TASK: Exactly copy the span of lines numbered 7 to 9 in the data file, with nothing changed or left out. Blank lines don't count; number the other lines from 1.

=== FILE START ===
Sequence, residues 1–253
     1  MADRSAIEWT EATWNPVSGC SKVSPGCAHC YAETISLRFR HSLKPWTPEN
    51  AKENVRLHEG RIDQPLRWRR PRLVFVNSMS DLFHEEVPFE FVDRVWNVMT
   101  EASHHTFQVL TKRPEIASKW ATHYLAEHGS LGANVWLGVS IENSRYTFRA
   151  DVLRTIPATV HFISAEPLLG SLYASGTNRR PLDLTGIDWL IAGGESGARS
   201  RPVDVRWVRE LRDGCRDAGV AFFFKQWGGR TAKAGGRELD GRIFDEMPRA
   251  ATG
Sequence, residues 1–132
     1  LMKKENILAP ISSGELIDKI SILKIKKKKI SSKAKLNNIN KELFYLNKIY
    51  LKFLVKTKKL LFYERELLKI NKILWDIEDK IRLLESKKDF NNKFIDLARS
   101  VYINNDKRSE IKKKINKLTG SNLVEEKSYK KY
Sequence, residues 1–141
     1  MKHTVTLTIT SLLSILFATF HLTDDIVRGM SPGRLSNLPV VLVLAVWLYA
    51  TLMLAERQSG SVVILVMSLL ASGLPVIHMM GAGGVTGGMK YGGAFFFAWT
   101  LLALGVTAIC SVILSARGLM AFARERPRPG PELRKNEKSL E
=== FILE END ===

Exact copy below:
   251  ATG
Sequence, residues 1–132
     1  LMKKENILAP ISSGELIDKI SILKIKKKKI SSKAKLNNIN KELFYLNKIY